Δp Δq > h/4π (1)
ΔE Δt > h/4π (2)

They express the variance of two canonically conjugate2 quantities: momentum and position in the first case and energy and time in the second case (Heisenberg’s original derivation published in 1927 describes an electron moving in empty space). The right side of the inequalities is a constant, with Planck’s constant, h, in the numerator (6.626 x 10-34 J • s). This indeterminacy principle is as ubiquitous as potsherds in the mathematical sciences. Let us examine the ways in which it appears in different guises in the theoretical and applied sciences and attempt to trace its genealogy.

In my undergraduate days in electrical engineering, I toiled long hours on signal analysis. Be it an osprey call or an FM radio transmission, all signals have two elementary features, irreducible (though transformable) to one another: time and frequency. In the case of the bird song, you can listen as the signal varies in intensity through time. You can also hear, at any given moment, the pitch or pitches of the signal, its frequency component. You cannot hear all of the frequencies simultaneously, just like you cannot see all of the colors in ordinary light; you need a tool to break up the complex signal into its components. For light, we use a prism; for signals (more precisely: for the functional representation of a signal), we use the Fourier transform. When you transform a signal from the time domain into the frequency domain you transform a signal into a spectrum with harmonics at different frequencies and different magnitudes (amplitudes). Now, a signal generated “naturally,” or “in the wild,” is sloppy; the tones aren’t pure or perfect, they’re “noisy.” The clicks, chirps, chattering, or other interruptions to the subject of the signal (speaking musically) are not the features that we want to stand out; quite the contrary, we want to filter them out so that the subject stands out more clearly.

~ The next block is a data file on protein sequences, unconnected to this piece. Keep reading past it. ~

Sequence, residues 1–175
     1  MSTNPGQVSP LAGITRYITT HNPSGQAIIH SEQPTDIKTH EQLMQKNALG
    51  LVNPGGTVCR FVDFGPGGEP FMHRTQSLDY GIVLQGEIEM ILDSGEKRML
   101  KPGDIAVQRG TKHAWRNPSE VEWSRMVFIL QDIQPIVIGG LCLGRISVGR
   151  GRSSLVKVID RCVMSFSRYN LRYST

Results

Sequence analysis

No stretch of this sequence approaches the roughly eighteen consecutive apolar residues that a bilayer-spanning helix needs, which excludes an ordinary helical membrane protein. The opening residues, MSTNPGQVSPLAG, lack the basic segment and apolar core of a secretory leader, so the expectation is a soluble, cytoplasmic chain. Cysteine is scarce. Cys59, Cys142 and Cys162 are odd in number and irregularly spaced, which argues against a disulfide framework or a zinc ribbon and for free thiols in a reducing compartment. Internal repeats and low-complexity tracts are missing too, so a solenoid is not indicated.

In the representation of the signal, there is always some spread or variance from where the frequency is centered, the value around which it is concentrated (in statistics, this is the expectation value). This is where the indeterminacy relation enters: there is always a minimum degree of divergence between the two spreads, between the time variance and the frequency variance, and that divergence is expressed as an inequality:

s x S ≥ 1/16π2, (3)